Well! I could putt this ball right into the hole, but instead, I will focus on Ratan Tata – the man who I think, refuses to let go – just like the head of the family, who no matter how old, still wants to run the family business or demands to be consulted in all affairs of the family, for the family or by the family. (Or this could be completely a fragment of my imagination, and I could be a hundred percent wrong considering I have no clue how businesses are run! Maybe businesses need the omnipresence of an undisputed, dogmatic, authoritative and incontestable leader!)
However, continuing on the first train of thought, on the bright side, at least we have this man to fall back to in case of any contingencies, which is a more reassuring part of the whole thing. But, nonetheless, till what time will Tata continue to supply such assurances to the conglomerate? Isn’t he getting old?
Ratan Tata, it seems, is more focused on ‘leading’ rather than ‘following’. In one of his letters to his employees, he stated (although in the context of his companies) that “The focus has to be on ‘leading’ rather than ‘following’.” now, does this truly present the nature of Ratan Tata and in what he believes? Maybe, maybe not! It’s a known fact that it is not easy to let go of what one has earned – not particularly in terms of money but in terms of power, respect, reverence or status.
However, I am still deliberating on the question “Why leaders can’t let go?”
I am sure Mr. Tata had his reasons to oust Cyrus Mistry, but, focusing on Cyrus Mistry’s remark in his letter to the Directors of Tata Sons wherein he stated that “Prior to my appointment, I was assured that I would be given a free hand. The previous Chairman was to step back and be available for advice and guidance as and when needed…I hope you do realize the predicament that I found myself in - Being pushed into the position of a "lame duck" Chairman, my desire was to create an institutional framework for effective future governance of the group.” — Does this signal to Tata’s deliberate intrusion or is he being a backseat driver? Is this a matter of the vision that Mistry didn’t share with Tata? Do visionary leaders don’t have visionary successors? Or they have successors, but they still want to call the shots?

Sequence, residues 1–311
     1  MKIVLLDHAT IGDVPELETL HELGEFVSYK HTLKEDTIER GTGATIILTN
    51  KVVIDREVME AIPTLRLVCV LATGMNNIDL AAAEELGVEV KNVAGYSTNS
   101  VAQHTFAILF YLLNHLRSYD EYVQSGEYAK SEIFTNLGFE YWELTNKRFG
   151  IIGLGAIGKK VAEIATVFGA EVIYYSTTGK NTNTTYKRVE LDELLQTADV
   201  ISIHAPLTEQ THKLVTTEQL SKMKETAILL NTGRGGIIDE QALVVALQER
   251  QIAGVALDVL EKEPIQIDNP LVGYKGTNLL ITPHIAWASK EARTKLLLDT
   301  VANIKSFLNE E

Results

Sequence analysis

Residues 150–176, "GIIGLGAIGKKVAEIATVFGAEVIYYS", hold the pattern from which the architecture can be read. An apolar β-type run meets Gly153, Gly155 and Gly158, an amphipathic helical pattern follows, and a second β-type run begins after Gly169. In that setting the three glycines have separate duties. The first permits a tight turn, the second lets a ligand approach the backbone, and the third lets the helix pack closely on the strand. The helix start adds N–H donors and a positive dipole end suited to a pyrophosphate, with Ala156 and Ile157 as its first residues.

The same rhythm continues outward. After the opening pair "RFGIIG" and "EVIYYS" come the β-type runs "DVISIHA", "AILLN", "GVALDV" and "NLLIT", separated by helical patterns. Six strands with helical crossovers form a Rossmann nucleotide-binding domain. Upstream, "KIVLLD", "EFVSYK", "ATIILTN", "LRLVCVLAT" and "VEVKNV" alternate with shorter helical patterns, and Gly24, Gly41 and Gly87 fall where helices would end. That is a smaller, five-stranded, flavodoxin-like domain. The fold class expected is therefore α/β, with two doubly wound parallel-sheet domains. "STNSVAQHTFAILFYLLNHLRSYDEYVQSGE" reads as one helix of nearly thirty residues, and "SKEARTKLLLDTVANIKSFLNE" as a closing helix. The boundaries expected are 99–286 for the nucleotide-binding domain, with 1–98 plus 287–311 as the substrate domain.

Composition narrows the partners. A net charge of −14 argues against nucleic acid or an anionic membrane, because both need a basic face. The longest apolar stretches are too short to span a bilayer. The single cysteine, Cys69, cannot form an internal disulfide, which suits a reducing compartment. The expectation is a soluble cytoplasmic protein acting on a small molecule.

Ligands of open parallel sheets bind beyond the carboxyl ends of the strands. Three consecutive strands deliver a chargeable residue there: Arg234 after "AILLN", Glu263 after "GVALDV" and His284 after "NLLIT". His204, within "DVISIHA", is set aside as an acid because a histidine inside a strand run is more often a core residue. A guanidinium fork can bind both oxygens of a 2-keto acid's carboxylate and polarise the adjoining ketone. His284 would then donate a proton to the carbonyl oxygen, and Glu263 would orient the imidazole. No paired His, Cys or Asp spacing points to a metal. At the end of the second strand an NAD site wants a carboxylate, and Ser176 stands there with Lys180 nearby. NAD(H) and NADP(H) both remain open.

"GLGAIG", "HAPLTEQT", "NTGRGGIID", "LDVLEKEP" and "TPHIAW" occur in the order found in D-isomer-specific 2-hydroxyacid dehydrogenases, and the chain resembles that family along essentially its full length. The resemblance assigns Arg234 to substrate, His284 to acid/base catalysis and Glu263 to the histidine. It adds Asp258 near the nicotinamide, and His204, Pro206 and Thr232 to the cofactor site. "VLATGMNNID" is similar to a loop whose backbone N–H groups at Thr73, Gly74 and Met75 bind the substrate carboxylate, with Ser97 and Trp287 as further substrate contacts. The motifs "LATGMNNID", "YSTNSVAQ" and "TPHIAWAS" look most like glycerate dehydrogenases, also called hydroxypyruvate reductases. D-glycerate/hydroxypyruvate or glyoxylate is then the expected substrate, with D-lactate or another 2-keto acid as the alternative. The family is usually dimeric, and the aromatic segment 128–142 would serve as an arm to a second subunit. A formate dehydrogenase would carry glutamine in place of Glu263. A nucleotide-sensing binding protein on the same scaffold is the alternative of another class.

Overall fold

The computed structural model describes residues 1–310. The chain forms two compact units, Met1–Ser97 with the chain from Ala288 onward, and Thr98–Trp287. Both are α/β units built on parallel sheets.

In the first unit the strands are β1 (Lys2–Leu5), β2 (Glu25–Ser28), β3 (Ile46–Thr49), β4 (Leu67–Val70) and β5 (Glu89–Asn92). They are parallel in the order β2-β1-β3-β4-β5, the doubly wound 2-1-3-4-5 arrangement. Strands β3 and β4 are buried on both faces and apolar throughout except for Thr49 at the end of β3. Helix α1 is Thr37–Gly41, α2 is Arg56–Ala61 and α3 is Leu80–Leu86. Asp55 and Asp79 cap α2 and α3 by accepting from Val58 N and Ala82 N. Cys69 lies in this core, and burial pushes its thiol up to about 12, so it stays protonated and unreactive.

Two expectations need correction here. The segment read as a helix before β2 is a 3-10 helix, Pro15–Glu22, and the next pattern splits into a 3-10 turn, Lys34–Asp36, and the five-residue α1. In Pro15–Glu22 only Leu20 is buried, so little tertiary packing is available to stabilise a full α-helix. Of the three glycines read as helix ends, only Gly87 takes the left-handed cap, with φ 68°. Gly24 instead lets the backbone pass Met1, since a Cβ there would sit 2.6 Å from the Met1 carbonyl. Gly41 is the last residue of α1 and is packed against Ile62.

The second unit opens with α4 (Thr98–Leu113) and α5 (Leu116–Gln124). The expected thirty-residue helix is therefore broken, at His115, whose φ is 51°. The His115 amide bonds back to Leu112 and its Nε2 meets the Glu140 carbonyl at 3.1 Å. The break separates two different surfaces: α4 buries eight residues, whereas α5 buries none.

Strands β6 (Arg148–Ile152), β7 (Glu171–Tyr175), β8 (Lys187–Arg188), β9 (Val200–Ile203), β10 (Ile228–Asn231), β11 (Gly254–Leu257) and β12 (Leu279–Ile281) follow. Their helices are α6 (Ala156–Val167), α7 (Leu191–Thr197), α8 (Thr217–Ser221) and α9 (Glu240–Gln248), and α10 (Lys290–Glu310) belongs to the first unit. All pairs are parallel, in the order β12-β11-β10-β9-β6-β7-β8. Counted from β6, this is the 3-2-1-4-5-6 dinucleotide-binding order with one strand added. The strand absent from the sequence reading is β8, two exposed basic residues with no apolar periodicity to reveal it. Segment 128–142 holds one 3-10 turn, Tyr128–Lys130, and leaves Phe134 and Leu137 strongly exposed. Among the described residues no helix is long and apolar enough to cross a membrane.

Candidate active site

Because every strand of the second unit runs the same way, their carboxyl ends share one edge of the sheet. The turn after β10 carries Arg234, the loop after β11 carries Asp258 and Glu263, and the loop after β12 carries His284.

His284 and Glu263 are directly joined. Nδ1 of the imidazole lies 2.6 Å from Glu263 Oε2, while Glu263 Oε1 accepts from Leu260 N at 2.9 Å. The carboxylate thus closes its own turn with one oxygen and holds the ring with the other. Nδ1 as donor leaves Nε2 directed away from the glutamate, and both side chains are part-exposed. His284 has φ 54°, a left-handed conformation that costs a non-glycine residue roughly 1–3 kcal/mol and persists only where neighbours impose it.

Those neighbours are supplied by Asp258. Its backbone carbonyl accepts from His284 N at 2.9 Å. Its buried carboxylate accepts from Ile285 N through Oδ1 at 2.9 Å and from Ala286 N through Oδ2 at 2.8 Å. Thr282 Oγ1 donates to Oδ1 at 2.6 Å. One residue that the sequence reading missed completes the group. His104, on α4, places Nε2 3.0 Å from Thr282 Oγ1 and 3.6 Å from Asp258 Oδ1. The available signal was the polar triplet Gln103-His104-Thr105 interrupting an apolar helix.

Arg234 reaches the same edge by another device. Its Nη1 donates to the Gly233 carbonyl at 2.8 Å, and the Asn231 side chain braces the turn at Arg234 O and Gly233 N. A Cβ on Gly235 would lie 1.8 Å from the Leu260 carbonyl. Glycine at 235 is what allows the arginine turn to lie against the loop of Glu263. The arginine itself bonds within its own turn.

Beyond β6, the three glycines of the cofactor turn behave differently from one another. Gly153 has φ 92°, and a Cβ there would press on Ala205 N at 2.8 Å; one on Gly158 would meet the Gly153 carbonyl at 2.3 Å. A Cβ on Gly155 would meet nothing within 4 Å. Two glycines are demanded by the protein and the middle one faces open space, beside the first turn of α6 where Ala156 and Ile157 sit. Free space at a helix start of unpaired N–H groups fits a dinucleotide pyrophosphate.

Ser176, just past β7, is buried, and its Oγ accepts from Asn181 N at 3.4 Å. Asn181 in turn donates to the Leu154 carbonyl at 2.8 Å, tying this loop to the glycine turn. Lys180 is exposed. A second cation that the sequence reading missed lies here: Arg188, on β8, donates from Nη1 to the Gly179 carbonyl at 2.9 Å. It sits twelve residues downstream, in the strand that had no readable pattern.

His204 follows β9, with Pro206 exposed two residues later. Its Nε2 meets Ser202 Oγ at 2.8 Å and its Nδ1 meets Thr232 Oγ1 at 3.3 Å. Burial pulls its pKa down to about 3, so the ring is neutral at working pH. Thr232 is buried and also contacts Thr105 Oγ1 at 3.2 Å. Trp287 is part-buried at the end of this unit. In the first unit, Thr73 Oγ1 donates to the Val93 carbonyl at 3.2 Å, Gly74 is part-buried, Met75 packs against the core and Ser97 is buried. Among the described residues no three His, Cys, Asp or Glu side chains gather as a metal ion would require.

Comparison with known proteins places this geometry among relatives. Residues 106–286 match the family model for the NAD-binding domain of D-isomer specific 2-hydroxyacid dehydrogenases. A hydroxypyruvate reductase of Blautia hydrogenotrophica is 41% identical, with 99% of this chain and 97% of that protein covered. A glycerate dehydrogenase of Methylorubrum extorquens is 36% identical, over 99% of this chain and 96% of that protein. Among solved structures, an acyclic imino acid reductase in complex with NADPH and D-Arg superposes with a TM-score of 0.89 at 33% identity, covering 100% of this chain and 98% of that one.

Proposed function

I feel succession planning is more than just a management task. Is it a responsibility that needs to be entrusted in the best person and by ensuring that personalities and politics don’t hinder the process. However, maybe in reality, it’s more than just that – personalities, politics, and a lot of right and left hands ensure that businesses are run, managed and planned.
Although Tata states that the decision to oust Mistry was “made after careful and thoughtful deliberation and is one the board believes was absolutely necessary for the future success of the Tata Group”, we all are wondering what could possibly lead to such situation. Tata will nonetheless have a lot of questions to answer when he chooses his next successor – and one of them in particular about why he sacked Mistry?